PFC Jack Benson Van Zandt, USMC
DANVILLE - Private First Class Jack Benson Van Zandt, United States Marine Corp, was born on Oct. 8, 1921, the third child of Blanche Marie (Youngblood) Van Zandt and George Washington Taylor Van Zandt of Danville. He was killed in the Battle of Tarawa in 1943. The description of the excavation and recovery can be read at ("The Fourth Row").
PFC Jack Benson Van Zandt is survived by several nieces, nephews, and cousins. He will be reinterred at Sunset Memorial Park in Danville, 3901 N. Vermilion St., on Dec. 17, 2019, with Full Military Honors.
Jack preceded all three of his siblings, George, Jr., Aileen Marie Van Zandt Richards, and Lois Jane Van Zandt Wright in death. Lois Wright died on Oct. 4, 2019, just two days after the family was notified that Jack's remains were recovered.
Jack grew up on the family farm in the Batestown area of Danville. He graduated from Oakwood High School in 1939. A few years after graduation, he moved to Indianapolis, Indiana where he secured a job with Eli Lilly. At a time when all young men were enlisting in the service, he asked his parents to sign papers for him to join the Marine Corp Reserves. Jack joined the Marine Reserves in May of 1942 in Indianapolis, Ind. Only a few months later, a National Emergency was declared, and he was called into action.
PFC Jack Benson Van Zandt, USMC was part of Company A, First Battalion, 6th Marine Regiment, Second Marine Division, Fleet Marine Force assigned to the Pacific. His first battle was in Guadalcanal and he survived that battle. The survivors of that battle were given an extended leave in New Zealand and Australia. Then, PFC Jack Benson Van Zandt was to be part of the battle at Betio Island, Tarawa Atoll, Gilbert Islands (now the Republic of Kiribati). Then on Nov. 22, 1943, at age 22 years, PFC Van Zandt was killed fighting for a one and ½ half by ½ mile strip of land the U.S. needed for an airstrip.
History Flights, a private, non-profit, recently uncovered 1,100 remains of long-missing U.S. personnel from the Nov. 20-23, 1943, Battle of Tarawa. With the extreme environmental conditions in the South Pacific, the servicemen's remains were hastily buried in trenches. For over seven decades, few Americans, including the families of the missing, were aware that Marines remained buried on or near Betio. Since 2007, History Flights has been actively searching for and recovering remains nearly year-round on Betio.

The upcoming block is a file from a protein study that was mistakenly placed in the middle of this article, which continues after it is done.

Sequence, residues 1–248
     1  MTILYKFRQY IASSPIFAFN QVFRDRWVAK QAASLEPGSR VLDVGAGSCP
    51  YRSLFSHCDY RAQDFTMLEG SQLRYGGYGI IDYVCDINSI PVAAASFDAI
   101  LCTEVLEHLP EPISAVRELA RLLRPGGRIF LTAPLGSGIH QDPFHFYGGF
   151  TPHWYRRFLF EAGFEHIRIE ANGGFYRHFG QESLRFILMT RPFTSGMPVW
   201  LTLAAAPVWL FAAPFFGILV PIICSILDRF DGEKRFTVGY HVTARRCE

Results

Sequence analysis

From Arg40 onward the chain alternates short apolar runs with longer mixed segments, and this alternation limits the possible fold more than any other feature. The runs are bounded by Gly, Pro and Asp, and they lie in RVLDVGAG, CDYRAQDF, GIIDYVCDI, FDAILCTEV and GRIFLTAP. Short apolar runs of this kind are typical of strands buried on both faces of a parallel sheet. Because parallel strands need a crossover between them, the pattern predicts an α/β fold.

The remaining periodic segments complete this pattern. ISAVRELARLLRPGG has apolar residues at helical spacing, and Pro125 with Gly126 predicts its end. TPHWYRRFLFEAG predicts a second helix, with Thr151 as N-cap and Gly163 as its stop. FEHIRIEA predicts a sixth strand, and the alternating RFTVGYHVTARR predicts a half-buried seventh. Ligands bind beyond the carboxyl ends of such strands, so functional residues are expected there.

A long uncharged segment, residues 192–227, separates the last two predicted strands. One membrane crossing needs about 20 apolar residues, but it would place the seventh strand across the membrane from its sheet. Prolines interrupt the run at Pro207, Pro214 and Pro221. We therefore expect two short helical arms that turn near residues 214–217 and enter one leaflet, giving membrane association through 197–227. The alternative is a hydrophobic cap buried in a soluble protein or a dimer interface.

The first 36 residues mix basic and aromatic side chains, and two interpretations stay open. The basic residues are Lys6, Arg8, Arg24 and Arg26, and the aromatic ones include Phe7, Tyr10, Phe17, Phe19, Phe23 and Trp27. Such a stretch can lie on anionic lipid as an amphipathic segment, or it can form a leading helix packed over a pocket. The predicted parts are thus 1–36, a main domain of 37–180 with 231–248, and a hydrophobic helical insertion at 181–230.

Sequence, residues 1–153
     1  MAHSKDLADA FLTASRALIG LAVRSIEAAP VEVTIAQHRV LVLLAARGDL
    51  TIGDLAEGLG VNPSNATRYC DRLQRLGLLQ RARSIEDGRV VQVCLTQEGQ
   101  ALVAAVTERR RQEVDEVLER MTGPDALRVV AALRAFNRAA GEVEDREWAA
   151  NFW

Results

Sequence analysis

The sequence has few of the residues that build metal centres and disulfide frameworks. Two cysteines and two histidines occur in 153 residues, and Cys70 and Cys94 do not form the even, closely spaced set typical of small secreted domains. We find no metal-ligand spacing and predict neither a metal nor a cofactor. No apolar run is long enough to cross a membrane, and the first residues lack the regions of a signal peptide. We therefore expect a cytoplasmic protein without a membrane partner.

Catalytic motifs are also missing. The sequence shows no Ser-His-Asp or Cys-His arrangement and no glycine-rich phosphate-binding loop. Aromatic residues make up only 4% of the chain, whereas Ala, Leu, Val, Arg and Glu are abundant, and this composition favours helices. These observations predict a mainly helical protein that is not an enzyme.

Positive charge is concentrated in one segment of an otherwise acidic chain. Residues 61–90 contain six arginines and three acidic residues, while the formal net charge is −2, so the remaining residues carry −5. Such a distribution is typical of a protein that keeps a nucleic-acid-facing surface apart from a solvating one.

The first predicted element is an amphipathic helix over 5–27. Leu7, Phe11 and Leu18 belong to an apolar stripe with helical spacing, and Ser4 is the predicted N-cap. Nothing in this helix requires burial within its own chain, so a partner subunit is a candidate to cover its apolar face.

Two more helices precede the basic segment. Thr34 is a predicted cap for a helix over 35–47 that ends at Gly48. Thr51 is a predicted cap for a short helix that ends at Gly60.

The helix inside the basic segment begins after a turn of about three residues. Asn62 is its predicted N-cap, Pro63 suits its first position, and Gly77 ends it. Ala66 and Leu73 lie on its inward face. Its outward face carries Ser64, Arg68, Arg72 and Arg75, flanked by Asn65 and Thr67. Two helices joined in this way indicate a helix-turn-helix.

A Celebration of Life Service will be held on Tuesday, Dec. 17, 2019, at 1 p.m. at Sunset Funeral Home and Cremation Center in Danville, 3940 N. Vermilion St., Danville, with Full Military Honors. Visitation will be held from noon to 1 p.m. prior to services at the funeral home. Reinternment will be in Sunset Memorial Park with Full Military Rites accorded by the United States Marine Corp.
If inclined, memorial contributions to the History Flights would be very welcome to help further excavations all over the world where our young men and women have fought and shed their blood to protect our freedoms. Send to: History Flights, 317 William Street, Suite 1, Fredericksburg, VA 22401, by phone at (202) 498-4447, or online at

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Published on December 11, 2019


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Showing 10 of 7 posts

Rob Gifford
Jan 23, 2020
I didn't know Jack but am so thankful for the freedoms that his service and death has afforded me, my family and everyone in the US. I am sorry for his death, thankful for the discovery of his remains and final return home. God Bless him, your family and the United States of America!
Brian Fitzgibbons
Dec 17, 2019
RIP Marine, Semper Fidelis.
Jeff Stone
Dec 14, 2019
Welcome home Marine
Simper Fi
Debbee taylor
Dec 13, 2019
Well done soldier. Welcome home!
Norma Davis
Dec 13, 2019
Thank you for your service PFC Van Zandt.
Rest in peace.
Charla Rice
Dec 12, 2019
I don't personal know you, but I am blessed to find out about you. May you rest in peace Sir.
Ted Gallagher
Dec 12, 2019
Welcome home, son.